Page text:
Discussing the recent damage done to the Poe House and Museum earlier, I mentioned in passing that Baltimore was the only American city to have honored a local literary light. Well, our ever-vigilant readers were quick to remind us of other bookish squads around the globe.
The Toronto Argonauts, we were informed, “just won Canada’s Grey Cup in Homeric fashion.” (One could theoretically make an argument for the Spartans, too.) Edinburgh’s Heart of Midlothian Football Club may have technically been named for a jail, but it was Walter Scott’s 1818 novel, The Heart of Midlothian, that made the title globally famous.
And if we’re really digging deep, it wouldn’t do to ignore the 2012 London Olympic mascots, Wenlock and Mandeville. While, officially, the latter is named for named for Stoke Mandeville Hospital, the estimable Medieval Material Culture Blog makes a compelling case for another (possibly subconscious) motivation:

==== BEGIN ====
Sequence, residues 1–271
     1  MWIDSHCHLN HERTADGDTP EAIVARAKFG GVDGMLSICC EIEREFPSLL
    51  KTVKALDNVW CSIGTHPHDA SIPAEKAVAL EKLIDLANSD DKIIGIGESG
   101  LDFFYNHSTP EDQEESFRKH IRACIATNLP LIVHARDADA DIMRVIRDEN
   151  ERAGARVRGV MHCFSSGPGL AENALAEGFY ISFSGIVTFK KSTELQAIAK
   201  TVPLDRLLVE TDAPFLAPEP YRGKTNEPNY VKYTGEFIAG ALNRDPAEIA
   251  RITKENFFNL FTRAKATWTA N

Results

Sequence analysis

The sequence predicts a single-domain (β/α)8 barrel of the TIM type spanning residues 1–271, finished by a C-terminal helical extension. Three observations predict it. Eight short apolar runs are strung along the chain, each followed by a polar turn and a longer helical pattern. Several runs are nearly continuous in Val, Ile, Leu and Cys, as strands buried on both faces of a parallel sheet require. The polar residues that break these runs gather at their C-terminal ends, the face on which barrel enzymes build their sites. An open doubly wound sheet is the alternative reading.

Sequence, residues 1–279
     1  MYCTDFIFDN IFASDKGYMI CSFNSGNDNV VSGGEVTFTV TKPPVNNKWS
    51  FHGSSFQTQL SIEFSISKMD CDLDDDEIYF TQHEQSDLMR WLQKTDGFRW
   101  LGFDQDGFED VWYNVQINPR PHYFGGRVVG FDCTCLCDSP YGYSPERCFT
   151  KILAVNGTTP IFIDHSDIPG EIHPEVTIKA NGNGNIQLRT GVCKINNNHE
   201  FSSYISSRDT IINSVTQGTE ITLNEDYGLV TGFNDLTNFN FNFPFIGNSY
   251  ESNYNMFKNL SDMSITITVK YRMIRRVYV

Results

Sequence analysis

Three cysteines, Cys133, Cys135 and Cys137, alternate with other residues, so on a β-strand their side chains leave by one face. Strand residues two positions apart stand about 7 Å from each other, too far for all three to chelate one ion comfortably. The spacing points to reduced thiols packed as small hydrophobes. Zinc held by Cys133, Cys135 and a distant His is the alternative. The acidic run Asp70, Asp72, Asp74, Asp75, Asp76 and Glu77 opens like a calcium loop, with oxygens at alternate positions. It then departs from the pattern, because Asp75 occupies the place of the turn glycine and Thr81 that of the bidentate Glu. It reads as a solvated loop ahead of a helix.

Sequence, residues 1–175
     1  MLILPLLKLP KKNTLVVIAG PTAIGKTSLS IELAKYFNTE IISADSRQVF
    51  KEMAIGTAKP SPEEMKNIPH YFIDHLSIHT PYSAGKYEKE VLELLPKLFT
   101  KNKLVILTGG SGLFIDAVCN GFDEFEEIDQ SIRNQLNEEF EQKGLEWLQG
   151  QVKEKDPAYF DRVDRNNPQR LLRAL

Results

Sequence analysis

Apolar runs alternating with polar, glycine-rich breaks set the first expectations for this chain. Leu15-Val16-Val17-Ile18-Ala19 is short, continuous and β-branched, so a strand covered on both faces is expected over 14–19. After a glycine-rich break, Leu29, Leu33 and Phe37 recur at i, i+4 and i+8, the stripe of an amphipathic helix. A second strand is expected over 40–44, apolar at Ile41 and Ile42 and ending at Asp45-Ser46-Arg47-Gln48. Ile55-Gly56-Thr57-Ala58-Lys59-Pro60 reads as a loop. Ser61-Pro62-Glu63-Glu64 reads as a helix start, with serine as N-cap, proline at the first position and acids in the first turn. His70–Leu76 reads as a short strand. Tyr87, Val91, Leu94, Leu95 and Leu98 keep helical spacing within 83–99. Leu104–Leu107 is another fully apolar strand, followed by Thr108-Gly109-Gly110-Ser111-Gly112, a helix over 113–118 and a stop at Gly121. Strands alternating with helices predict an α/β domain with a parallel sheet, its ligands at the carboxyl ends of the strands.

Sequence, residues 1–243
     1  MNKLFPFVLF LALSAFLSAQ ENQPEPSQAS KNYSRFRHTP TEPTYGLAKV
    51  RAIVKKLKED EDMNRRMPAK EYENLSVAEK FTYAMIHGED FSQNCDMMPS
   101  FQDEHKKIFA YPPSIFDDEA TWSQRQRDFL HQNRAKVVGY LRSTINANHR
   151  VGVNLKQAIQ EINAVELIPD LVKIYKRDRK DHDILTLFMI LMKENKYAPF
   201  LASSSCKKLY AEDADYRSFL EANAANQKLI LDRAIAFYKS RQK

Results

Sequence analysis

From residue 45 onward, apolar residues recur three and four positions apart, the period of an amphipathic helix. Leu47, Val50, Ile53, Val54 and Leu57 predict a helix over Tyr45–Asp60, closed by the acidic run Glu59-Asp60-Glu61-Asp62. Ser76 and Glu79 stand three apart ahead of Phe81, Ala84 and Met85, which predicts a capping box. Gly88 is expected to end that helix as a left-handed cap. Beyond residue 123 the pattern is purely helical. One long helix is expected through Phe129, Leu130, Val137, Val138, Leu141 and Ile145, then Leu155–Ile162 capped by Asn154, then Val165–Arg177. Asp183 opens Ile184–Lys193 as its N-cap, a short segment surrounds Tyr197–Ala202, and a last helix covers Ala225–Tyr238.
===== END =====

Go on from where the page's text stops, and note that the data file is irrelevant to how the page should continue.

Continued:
These mascots would be right at home with all of the fantastical peoples described in The Travels of Sir John Mandeville. And he certainly does an amazing amount of international travel for a 14th century Englishman—as far afield as Egypt, Persia, Syria, Ethiopia, Amazonia, and so on.
Granted, he has nothing to do with athletic competition, as far as I recall. And it is a bit, er, fanciful. But I could see these mascots being modern-day descendants, perhaps, of the peoples of the islands around Dondun.
And surely, some of these Dondunese islanders would be strong contenders for medals—the ones with horses’ hooves, who are “strong and mighty, and swift runners; for they take wild beasts with running, and eat them” could win the marathon. The ones “that go upon their hands and their feet as beasts, … all skinned and feathered, and they will leap as lightly into trees, and from tree to tree, as it were squirrels or apes”—well, that sounds like an amazing gymnastic routine right there, doesn’t it?